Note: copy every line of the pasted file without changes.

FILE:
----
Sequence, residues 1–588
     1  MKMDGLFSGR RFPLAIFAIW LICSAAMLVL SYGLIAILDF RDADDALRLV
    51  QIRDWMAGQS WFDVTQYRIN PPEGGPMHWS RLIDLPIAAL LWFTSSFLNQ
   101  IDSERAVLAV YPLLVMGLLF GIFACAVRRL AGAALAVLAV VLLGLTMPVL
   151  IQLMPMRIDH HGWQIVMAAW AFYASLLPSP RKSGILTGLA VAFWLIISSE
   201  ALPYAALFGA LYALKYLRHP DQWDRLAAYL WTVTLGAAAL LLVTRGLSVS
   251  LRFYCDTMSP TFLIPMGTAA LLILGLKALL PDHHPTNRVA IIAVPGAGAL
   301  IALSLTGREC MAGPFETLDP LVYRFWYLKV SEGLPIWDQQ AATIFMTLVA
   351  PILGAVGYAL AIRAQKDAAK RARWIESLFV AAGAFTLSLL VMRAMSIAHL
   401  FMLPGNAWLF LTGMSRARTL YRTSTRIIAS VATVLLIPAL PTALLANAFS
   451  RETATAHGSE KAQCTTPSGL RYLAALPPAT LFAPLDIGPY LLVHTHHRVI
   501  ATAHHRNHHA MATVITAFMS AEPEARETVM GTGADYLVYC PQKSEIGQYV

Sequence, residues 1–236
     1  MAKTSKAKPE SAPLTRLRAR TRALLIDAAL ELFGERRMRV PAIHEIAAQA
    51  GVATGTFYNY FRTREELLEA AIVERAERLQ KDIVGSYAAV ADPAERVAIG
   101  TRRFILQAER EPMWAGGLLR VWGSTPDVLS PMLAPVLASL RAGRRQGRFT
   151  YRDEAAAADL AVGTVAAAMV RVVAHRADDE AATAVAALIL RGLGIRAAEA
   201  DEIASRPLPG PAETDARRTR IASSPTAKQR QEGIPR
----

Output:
Sequence, residues 1–588
     1  MKMDGLFSGR RFPLAIFAIW LICSAAMLVL SYGLIAILDF RDADDALRLV
    51  QIRDWMAGQS WFDVTQYRIN PPEGGPMHWS RLIDLPIAAL LWFTSSFLNQ
   101  IDSERAVLAV YPLLVMGLLF GIFACAVRRL AGAALAVLAV VLLGLTMPVL
   151  IQLMPMRIDH HGWQIVMAAW AFYASLLPSP RKSGILTGLA VAFWLIISSE
   201  ALPYAALFGA LYALKYLRHP DQWDRLAAYL WTVTLGAAAL LLVTRGLSVS
   251  LRFYCDTMSP TFLIPMGTAA LLILGLKALL PDHHPTNRVA IIAVPGAGAL
   301  IALSLTGREC MAGPFETLDP LVYRFWYLKV SEGLPIWDQQ AATIFMTLVA
   351  PILGAVGYAL AIRAQKDAAK RARWIESLFV AAGAFTLSLL VMRAMSIAHL
   401  FMLPGNAWLF LTGMSRARTL YRTSTRIIAS VATVLLIPAL PTALLANAFS
   451  RETATAHGSE KAQCTTPSGL RYLAALPPAT LFAPLDIGPY LLVHTHHRVI
   501  ATAHHRNHHA MATVITAFMS AEPEARETVM GTGADYLVYC PQKSEIGQYV

Sequence, residues 1–236
     1  MAKTSKAKPE SAPLTRLRAR TRALLIDAAL ELFGERRMRV PAIHEIAAQA
    51  GVATGTFYNY FRTREELLEA AIVERAERLQ KDIVGSYAAV ADPAERVAIG
   101  TRRFILQAER EPMWAGGLLR VWGSTPDVLS PMLAPVLASL RAGRRQGRFT
   151  YRDEAAAADL AVGTVAAAMV RVVAHRADDE AATAVAALIL RGLGIRAAEA
   201  DEIASRPLPG PAETDARRTR IASSPTAKQR QEGIPR